You Made Your Resolutions, Now Learn How to Stick to It


February 24, 2013

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By Betty Murray

An estimated 45 percent of Americans make New Year’s Resolutions every year — weight loss topping the list of resolutions made. Twenty-five percent of people who make New Year’s Resolutions break them within the first week of January. Only 64 percent of people will succeed in carrying on with their resolutions through the first month; 46 percent make it through six months before breaking their resolutions and a mere 8 percent of people actually achieve their goal by the end of the year.

Did you make New Year’s Resolutions this year? What’s your plan for maintaining your resolution? Statistics show that people who make explicit resolutions are 10 times more likely to attain their goals than those who do no make explicit resolutions. If you want to be among the few who are able to stick with their resolutions, here are a few tips to sticking with your resolutions.

Start with one change, rather than attempting to overhaul your entire lifestyle at once.What is the one thing you most wish to change? Be aware of how that behavior affects your life, and what emotions or struggles you might encounter along the way.

If it is your goal to eliminate a bad habit or behavior, you must have a healthy behavior to replace it with. For example, if you wish you cut out eating fast food, resolve to eat a healthy meal instead whenever you crave the McDonald’s drive through. There must be some good “reward” for giving up an unhealthy behavior.

Train your brain through the practice of mindfulness. Take a few moments each day to visualize a healthy response to the stimuli that typically result in unhealthy behaviors, such as overeating, smoking or drinking.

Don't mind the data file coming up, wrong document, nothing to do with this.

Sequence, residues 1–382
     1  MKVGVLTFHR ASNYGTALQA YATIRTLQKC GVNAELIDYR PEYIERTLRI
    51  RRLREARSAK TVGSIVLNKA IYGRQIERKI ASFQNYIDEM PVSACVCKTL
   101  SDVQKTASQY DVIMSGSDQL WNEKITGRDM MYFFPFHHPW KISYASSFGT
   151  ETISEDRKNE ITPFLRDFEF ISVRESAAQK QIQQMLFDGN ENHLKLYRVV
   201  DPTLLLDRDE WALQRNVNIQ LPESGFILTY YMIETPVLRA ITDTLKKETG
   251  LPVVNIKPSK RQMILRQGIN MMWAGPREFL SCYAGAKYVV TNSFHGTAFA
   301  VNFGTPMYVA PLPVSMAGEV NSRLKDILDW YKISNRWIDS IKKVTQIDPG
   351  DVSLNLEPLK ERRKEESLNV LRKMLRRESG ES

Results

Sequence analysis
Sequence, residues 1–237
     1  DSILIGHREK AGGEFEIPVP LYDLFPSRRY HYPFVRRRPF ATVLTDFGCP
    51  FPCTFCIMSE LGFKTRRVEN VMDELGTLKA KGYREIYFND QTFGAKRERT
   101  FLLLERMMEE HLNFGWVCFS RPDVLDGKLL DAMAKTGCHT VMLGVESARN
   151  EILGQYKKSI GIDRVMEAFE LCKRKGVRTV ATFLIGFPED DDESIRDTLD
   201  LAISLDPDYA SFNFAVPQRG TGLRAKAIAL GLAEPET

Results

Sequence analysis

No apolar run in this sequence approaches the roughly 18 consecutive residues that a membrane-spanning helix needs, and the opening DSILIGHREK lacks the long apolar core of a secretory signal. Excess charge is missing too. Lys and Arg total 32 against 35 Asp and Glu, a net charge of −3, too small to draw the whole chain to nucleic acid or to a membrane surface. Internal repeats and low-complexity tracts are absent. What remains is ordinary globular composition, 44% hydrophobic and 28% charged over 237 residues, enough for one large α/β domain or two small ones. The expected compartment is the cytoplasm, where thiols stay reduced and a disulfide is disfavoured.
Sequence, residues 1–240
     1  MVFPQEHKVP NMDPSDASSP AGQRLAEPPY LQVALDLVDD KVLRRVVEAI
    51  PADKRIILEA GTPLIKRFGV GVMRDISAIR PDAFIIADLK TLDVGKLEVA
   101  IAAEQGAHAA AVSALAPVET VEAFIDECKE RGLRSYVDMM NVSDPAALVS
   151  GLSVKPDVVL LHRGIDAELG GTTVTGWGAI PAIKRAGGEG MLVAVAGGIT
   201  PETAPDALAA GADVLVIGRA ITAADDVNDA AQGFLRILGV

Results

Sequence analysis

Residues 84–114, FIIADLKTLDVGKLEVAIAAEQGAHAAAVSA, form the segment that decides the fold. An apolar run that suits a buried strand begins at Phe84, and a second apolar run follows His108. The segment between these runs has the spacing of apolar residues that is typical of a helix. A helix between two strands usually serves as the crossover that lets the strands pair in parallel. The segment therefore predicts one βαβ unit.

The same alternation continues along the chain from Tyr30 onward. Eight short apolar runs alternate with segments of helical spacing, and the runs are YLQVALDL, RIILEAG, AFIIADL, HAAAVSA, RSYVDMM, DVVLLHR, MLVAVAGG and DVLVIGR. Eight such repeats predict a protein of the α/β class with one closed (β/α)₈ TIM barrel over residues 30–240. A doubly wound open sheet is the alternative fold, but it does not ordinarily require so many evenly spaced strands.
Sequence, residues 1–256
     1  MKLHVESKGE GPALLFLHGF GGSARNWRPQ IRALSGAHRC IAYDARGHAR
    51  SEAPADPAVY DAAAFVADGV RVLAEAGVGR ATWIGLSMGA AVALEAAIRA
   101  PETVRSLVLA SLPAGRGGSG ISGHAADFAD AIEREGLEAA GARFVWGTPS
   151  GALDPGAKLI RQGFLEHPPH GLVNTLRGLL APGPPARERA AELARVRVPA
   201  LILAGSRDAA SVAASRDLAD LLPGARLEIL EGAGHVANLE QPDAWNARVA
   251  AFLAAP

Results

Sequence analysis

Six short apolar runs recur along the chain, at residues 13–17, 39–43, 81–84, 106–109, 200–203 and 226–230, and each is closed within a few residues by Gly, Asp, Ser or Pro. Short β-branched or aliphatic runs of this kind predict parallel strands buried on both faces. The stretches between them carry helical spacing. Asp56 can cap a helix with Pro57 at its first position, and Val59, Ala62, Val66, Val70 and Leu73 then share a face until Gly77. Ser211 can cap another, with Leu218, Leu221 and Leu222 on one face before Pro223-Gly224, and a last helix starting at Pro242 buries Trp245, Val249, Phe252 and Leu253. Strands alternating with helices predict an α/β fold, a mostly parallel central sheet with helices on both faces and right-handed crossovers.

Be prepared for the feelings of loss that might accompany your change in behaviors. Acknowledge and accept your feelings, and then repeat positive affirmations to yourself, encouraging you to continue on your journey to modify unhealthy behaviors or habits.

Sleep. Being well rested is an essential stress-reducer. The less stressed you are, the less likely you will be to break your resolutions. It’s in the moments of high stress that you’re more likely to reach for that cigarette or bag of chocolates.

For more tips and tricks, check out this Huffington Post article.

The key in keeping your New Year’s Resolutions is in having clear tactics to keeping yourself on track, and getting back on the wagon if you happen to fall off. Know that mistakes happen and be compassionate with yourself. If you have a bad day, don’t give up, simply resolve to try again tomorrow. It’s also helpful to keep a journal of your plan, triggers of unwanted behavior and feelings. Surround yourself with people who will support and encourage you along the way. A little bit of accountability can go a long way in successfully reaching your goal.

Betty Murray, CN, HHC, RYT is a Certified Nutritionist & Holistic Health Counselor, founder of the Dallas-based integrative medical center, Wellness and founder of the Metabolic Blueprint wellness program. Betty’s nutrition counseling practice specializes in metabolic and digestive disorders and weight loss resistance. A master of the biochemistry of the body, Betty teaches her clients how to utilize nutritional interventions to improve their health. Betty is a member of the Institute of Functional Medicine and the National Association of Nutrition Professionals.

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